Wait For The Ricochet (2nd ed.)
Deep Purple – Wait For The Riochet
Telling the story of Mk 2’s formation and the recording of In Rock.
REVIEWS – lots of press and reviews for the book on the publisher’s website.
FEB 2017 • This title sold out in just a couple of months when first printed in 2014 but the publishers tell us they are at long last getting a second edition published and the plan is for this to ship in April 2017. The book will be substantially the same but some typos will be corrected along with a few other tweaks.
A slideshow of a dozen or so preview pages is now available on the publisher’s site.
Deep Purple In Rock is not only the band’s most important album but proved to be a milestone in the history of rock music, influencing countless groups and musicians in the four decades since it first appeared. It not only defined the band’s new direction, but firmly established Deep Purple as one of the biggest rock bands of the seventies (and beyond). It also laid the groundwork for the successful and artistically creative period which followed.
Upheaval within the group in mid-1969, coupled with indifference to their earlier work had left them almost unknown in Europe. It was only with a change in personnel and a determined period of intense rehearsing, writing and gigging that they managed to reverse their fortunes.
Deep Purple became an extraordinarily impressive live act, with a strong improvisational spirit flowing through their concerts, setting them apart from many of their contemporaries. The band’s approach to recording took its cue from these shows, drawing on their live experiences to develop the album. Ian paice: “Purple should never have worked. Basically we had five egomaniacs. There was just a magical chemistry. I can’t think of any other band that’s been allowed that much freedom for all the members to do exactly what they wanted.”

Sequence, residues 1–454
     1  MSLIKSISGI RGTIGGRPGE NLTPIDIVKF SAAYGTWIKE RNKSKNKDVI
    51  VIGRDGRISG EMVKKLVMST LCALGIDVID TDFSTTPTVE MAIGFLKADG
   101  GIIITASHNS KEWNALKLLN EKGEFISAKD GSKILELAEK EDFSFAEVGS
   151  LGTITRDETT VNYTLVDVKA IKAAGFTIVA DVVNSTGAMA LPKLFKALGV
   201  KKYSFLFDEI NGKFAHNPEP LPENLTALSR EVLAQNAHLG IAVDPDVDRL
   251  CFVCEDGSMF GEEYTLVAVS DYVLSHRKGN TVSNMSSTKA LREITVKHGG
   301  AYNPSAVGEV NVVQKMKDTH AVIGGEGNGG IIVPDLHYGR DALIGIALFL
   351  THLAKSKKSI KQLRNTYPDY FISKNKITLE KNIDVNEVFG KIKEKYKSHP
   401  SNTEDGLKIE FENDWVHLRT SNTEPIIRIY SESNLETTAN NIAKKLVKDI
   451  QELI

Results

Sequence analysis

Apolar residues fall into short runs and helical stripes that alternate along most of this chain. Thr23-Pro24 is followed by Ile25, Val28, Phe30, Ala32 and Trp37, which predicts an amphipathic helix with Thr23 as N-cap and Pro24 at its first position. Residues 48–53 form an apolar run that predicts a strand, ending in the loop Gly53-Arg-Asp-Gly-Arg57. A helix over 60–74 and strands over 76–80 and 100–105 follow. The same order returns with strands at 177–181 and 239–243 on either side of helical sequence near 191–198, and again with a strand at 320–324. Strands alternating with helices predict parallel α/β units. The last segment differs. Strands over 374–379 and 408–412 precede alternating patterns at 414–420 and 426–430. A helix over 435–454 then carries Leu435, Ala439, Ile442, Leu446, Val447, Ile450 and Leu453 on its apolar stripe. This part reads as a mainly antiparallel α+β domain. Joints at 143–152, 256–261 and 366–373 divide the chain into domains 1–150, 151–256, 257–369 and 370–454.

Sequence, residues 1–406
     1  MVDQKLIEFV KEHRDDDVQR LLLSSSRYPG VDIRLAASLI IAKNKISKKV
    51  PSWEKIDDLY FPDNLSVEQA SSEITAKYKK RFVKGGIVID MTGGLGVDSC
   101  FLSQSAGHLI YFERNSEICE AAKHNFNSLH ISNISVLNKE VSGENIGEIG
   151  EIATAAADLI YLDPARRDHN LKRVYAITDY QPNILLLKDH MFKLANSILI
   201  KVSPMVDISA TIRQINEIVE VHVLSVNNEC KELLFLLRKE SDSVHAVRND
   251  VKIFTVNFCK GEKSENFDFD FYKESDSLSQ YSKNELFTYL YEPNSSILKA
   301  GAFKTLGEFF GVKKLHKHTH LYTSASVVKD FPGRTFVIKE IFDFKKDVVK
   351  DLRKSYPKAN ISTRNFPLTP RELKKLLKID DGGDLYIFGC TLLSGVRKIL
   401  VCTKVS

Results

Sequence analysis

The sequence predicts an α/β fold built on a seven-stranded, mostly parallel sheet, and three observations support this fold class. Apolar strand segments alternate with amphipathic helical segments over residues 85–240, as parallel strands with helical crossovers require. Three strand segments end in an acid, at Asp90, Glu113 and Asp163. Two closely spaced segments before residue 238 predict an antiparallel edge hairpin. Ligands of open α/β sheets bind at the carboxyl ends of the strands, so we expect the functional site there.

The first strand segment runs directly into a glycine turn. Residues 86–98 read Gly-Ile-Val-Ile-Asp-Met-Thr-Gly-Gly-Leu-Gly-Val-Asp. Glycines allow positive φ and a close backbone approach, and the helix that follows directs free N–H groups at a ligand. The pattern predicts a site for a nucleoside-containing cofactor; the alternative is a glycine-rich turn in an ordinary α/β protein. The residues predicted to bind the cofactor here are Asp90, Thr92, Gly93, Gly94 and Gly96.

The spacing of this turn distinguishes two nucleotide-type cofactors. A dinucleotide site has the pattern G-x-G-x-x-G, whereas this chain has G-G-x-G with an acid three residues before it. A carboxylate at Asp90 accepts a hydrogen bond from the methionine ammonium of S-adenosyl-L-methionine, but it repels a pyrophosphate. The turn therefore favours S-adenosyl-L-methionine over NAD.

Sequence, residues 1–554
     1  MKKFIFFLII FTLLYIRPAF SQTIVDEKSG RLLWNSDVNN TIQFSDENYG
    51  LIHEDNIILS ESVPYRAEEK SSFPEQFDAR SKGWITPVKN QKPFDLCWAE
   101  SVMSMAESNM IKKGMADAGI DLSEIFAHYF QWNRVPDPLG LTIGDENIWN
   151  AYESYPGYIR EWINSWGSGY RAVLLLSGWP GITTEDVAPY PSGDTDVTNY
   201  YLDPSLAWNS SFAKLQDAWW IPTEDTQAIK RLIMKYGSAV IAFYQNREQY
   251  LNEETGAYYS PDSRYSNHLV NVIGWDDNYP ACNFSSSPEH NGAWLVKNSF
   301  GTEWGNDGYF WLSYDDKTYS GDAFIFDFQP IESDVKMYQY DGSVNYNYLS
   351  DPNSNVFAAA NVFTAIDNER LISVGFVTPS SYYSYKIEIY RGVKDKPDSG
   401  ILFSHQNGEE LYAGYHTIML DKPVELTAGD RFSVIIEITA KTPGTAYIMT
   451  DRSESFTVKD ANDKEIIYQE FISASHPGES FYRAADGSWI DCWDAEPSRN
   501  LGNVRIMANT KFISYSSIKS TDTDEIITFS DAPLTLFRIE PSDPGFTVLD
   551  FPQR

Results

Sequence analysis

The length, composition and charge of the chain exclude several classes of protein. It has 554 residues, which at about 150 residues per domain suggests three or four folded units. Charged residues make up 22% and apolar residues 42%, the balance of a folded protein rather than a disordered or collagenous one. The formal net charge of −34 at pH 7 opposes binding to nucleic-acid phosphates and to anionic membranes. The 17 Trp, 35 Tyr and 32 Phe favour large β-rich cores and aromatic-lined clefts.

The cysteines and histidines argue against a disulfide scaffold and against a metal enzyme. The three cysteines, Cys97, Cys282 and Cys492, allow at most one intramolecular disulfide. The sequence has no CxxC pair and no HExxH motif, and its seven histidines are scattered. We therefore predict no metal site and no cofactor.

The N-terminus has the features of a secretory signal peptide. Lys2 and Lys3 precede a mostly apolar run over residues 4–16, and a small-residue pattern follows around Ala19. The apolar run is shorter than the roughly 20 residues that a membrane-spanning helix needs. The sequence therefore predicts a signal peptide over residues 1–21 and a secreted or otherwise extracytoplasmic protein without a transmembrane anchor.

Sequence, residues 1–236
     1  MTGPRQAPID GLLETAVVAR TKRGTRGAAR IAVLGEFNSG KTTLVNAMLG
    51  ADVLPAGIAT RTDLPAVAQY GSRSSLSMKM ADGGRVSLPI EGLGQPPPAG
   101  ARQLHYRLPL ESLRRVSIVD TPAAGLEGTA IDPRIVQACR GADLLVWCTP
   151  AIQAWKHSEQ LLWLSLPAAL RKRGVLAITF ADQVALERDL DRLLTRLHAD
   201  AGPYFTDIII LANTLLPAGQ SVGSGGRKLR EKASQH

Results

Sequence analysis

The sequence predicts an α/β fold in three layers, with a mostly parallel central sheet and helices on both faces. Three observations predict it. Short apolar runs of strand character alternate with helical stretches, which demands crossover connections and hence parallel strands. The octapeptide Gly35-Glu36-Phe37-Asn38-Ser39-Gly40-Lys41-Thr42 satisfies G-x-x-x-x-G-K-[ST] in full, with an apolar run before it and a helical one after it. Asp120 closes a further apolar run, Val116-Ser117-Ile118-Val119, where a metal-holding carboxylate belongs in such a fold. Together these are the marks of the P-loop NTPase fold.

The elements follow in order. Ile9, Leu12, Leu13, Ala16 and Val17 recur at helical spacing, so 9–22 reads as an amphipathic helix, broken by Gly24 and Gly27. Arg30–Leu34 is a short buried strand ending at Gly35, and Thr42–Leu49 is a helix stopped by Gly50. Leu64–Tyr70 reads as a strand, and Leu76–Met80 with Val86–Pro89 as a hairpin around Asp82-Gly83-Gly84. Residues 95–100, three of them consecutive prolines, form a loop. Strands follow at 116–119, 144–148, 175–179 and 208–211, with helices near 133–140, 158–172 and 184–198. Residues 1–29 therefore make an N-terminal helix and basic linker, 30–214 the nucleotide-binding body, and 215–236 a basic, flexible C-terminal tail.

Deep Purple In Rock took almost a full year from inception to release. As such it remains both a remarkable snapshot of the band at that time, as well as a reflection of a very prolific and progressive period in the British underground scene as the psychedelic sixties gave way to the more aggressive and focussed rock music of the seventies.
This book opens with the dismissal of two of the original members and the search for replacements in 1969, then covers their early rehearsals, concerts and recording sessions in detail. The story carries on through 1970 as the band experience the early highs of widespread chart success with the album and hit single Black Night, as well as the lows of riots, illness and sheer exhaustion. Bringing the strands of the story together for the first time along with unseen material, rare photographs, chart details, concert listings and new research, we provide a detailed narrative of this crucial phase of Deep Purple’s career. Jon Lord was interviewed specifically for the book by Stephen Clare (and the book is dedicated to Jon). Roger Glover has also provided new insights on the writing of the album and Ian Gillan offers a fresh look at Child In Time. Studio personnel, former managers and others have also contributed.
Today, it is generally acknowledged that the story of hard rock (or heavy metal) owes it’s origins to the triumvirate of Led Zeppelin, Black Sabbath and Deep Purple. The first two have been more than adequately catered for in print. This book restores the balance.
Authors: Simon Robinson / Stephen Clare. A couple of years back Darker Than Blue reader Stephen Clare suggested a book bringing together all the sleeve notes Simon had done over the years. Out of those discussions came instead the idea of concentrating on one specific period of the band’s history, and this book is the result.
Price : the book is published by Easy On The Eye Books, and a special agreement has been reached where Darker Than Blue readers can pre-order at a discount on the full price via the publisher’s site (it will be in bookshops later in 2017).
ISBN : 978-0-9561439-6-9. 168 pages, full colour, plus covers. Printed in Europe, buy now before the idiots pull us out and the prices all go up.